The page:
As noted earlier, Disney is throwing its full might behind its Star Wars franchise. Its Disney Experience stores are no exception. For example here is app-enabled BB-8 and a hedgehog because why not.

The big question is, what can CoverGirl’s Star Wars-branded cosmetics collection do for Dengar?

Star Wars breakfast is from right now in a galaxy very very close to your grocery store’s cereal isle.

While General Mills puts its cereals inside a conventional nuclear family, Campbell’s aims its blaster at kids with two dads.

While some brands like Campbell’s are taking the sincere celebrations of Star Wars, others are doing a more modern, sardonic and meta approach. One of these is Walmart find its “Jedi Dress Codes” message.

How often is it that a battery commercial gets over 9 million views? That’s what happens when you’re Duracell and you can leverage Star Wars for your “Battle for Christmas Morning” message. Those Star Wars toys aren’t going to bleep bloop burrrrt bleep themselves.

The Star Wars Battlefront video game employed Gen Y favorite actress Anna Kendrick for a bit of meta fun.

And speaking of Gen Y, Kraft’s Mac and Cheese Star Wars commercial perfectly skewers the old guard.

Overseas audiences are getting treated to Star Wars mashups that domestic audiences will never see. Telecom provider Telefónica UK Limited, aka “O2”  brought old school droids C3PO and R2-D2 together with their new school peer BB-8.

Or how about France’s Star Wars avec La Poste:

Meanwhile in the Netherlands, consumers can swing by the Mos Isely cantina for a foot long Subway and some The Force Awakens swag.

Swap out the Caucasians for some Asians and you’ve got Subway’s Hong Kong advert.

While in Hong Kong why not take in a musical Star Wars by way of Stomp promotion for the film.

That is from the same Hong Kong Star Wars group that this summer created a short film for the Hong Kong Times Square experience.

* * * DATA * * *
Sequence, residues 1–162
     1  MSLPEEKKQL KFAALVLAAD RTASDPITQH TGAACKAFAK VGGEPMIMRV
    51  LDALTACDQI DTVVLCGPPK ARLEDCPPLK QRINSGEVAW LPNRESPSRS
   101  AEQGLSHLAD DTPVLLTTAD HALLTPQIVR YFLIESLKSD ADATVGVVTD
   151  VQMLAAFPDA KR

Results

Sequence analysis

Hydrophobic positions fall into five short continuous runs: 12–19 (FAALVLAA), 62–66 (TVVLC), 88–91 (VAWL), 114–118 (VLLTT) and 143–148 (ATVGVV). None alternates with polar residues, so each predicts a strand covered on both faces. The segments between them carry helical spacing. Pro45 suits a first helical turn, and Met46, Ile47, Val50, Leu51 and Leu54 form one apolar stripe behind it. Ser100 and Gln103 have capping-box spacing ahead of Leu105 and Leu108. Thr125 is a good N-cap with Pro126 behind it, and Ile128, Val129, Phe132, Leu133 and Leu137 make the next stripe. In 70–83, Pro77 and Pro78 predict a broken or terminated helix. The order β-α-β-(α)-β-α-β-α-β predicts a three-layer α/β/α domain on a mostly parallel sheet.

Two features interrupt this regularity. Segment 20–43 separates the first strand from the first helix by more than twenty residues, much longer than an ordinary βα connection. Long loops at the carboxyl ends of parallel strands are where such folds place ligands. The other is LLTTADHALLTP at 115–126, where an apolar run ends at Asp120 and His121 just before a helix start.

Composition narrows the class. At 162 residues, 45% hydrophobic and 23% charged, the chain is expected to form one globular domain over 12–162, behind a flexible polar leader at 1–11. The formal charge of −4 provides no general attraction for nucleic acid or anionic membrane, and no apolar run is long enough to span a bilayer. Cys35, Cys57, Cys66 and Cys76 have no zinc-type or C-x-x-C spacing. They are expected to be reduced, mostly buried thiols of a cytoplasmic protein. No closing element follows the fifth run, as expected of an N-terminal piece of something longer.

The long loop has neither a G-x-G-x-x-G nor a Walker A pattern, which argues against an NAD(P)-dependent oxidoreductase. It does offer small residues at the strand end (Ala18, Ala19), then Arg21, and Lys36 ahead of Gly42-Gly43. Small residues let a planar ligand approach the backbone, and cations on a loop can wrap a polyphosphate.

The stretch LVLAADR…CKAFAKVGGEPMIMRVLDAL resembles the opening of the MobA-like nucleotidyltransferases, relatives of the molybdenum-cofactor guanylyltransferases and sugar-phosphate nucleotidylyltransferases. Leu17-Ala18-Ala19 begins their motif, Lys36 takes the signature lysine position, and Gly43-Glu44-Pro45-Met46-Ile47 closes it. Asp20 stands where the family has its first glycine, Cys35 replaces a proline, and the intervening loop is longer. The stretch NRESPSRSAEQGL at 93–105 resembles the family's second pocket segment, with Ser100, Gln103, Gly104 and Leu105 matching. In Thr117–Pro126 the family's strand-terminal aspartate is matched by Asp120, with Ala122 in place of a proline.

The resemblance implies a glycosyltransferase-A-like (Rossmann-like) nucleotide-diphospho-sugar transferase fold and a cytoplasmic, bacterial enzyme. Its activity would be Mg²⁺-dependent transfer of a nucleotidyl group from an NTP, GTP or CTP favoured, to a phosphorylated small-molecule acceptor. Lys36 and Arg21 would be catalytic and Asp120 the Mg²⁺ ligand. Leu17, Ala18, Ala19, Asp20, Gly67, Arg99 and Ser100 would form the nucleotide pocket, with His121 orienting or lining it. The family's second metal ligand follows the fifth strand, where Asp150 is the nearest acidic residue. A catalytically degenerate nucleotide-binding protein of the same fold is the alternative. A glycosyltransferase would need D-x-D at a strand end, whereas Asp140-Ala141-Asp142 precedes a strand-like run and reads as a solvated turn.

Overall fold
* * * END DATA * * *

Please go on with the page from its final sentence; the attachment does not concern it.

Still in China: Appliance-maker Haier has created an moving refrigerator in reaction to R2-D2.

It’s not all commercial though. Harrison “Ham Solo” Ford joined non-profit support organization Omaze to surprise some fans online.

Of course, unofficial Star Wars parodies and videos are everywhere and do as much to reinforce the film’s marketing onslaught as well as the official marketing programs.

Above, easily the best of these videos—an unofficial spot for the US Navy—and below a great Star Wars parody of the sensational 2015 John Lewis holiday advert.

Finally, there is one ad that seems to highlight one of the biggest complaints about new Star Wars merchandising. In a scene from Wal-Mart’s Star Wars-themed ad about why Star Wars’ “princess” doesn;t need rescuing, a young girl explains, “Because she’s a modern empowered woman unfettered by the antiquated gender roles of a bygone era.”

But much as it was earlier this year with Disney’s Avengers franchise, Star Wars action figure sets have been curiously absent the film’s female character Rey. As upset users on social media have pointed out, this despite the fact that Rey is a central character in the film.

And the last word goes to uber Star Wars fan Stephen Colbert, who quipped about the onslaught of marketing tie-ins, “May the forced integration bet with you.”